Spring Courses 2016

  • Classes begin on Monday, January 25, and semester courses meet for 12 weeks.
  • Fees: Semester, $350; 5-Week Course, $200.
  • Register by January 18 and use the form at the end of this listing. Registration received after this date is subject to a late fee of $25.
  • There are no classes the week of February 15–19.
  • Courses designated by an asterisk (*) qualify for credit toward the Heed doctoral degrees.
  • All courses may be used to maintain the CASAC credential.
  • Courses meeting after 3:30pm qualify for graduate credit for teachers and may be used for their differential, pending approval by the Board of Education.

Earn 18 Continuing Education Credits with Most Semester Courses
(As of January, 2015, CE credits are required to maintain LCSW and LMSW licenses.)
Classes may also be taken via telephone or self-study (see below for details). For more information, please contact CHD at 212-642-6303.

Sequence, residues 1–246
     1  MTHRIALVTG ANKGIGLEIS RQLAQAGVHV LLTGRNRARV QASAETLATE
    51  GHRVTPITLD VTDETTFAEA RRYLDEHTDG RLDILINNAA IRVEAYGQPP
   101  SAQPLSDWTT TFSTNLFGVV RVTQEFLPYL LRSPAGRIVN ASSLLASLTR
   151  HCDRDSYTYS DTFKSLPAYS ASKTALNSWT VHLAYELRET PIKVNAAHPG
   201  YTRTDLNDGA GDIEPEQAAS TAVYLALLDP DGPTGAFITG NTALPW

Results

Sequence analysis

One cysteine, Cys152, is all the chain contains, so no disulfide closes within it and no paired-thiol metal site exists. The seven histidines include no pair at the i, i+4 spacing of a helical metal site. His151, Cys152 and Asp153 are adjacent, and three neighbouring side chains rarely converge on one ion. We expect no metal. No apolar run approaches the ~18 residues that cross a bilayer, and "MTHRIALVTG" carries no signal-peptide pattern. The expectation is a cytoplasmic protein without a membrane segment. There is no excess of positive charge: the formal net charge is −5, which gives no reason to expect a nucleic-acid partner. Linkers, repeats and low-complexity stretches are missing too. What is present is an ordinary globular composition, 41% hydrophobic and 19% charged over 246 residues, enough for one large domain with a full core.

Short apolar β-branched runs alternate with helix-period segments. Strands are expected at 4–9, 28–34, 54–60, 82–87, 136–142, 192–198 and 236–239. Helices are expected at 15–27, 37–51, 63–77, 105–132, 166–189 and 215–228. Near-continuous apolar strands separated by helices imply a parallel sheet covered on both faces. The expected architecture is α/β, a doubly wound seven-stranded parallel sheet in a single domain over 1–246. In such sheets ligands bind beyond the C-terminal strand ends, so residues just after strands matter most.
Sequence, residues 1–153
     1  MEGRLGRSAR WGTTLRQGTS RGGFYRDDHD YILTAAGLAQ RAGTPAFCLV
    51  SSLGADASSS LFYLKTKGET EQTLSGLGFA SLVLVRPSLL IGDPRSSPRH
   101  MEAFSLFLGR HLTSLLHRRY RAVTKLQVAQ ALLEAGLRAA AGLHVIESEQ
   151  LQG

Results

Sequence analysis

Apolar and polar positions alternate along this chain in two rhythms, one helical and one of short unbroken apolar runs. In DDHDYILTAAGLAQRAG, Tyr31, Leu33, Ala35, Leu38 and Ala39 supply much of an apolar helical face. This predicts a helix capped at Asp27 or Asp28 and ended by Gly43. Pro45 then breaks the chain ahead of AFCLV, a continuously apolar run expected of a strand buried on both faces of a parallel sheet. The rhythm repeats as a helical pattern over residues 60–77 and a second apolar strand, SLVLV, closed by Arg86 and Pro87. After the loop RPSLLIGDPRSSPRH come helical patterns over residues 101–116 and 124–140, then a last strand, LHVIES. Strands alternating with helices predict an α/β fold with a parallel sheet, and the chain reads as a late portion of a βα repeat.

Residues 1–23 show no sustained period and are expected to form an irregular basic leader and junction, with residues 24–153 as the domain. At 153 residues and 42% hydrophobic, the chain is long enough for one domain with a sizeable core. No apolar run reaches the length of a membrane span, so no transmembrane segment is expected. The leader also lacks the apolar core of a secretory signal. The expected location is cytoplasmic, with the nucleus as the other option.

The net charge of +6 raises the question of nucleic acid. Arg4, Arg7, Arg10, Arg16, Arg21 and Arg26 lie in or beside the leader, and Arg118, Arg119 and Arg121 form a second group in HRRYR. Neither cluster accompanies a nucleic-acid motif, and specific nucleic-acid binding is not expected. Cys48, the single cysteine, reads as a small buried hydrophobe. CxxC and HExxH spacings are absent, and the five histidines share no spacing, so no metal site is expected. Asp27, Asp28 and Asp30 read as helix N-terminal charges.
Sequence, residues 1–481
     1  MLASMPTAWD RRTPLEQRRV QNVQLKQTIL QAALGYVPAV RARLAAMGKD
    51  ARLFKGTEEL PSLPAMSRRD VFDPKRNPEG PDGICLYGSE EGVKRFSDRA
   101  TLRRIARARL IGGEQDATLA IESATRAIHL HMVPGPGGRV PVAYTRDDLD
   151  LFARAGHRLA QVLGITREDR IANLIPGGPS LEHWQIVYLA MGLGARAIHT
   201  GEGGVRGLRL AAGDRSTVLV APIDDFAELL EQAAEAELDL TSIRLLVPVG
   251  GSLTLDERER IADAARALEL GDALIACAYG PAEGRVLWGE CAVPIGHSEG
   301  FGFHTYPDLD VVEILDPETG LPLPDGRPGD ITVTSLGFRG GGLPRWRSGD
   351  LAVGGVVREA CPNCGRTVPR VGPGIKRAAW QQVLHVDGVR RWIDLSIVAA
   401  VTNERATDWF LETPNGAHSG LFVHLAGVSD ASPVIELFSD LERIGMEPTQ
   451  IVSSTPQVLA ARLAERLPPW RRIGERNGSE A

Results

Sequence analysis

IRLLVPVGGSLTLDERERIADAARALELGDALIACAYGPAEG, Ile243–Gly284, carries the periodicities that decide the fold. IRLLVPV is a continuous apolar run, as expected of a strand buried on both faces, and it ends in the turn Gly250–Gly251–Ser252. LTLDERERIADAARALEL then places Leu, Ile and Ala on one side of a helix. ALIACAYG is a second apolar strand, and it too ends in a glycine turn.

Monday

*C108. Professional Ethics

This course considers ethical principles and standards, provisions for their implementation, professional competence, confidentiality, avoiding exploitation (sexual boundary issues, as well as non-sexual boundary issues), relationships with colleagues, students, and supervisees, safeguarding the public and the profession, and implementation of the code. It also examines multiple role relationships, ethical dilemmas with specific patients; and psychoanalysts as training institute instructors and supervisors.
Please include your email address on the registration form to receive an article prior to the first class.

Instructor: Susan Jakubowicz, PhD, LP, CGP, NCPsyA, LCSW

Day/Time: Mondays, 4:00–5:30 pm

Location: 301 East 21 Street, Suite 1-K, NYC  (212) 473-1400

CE Credits: 18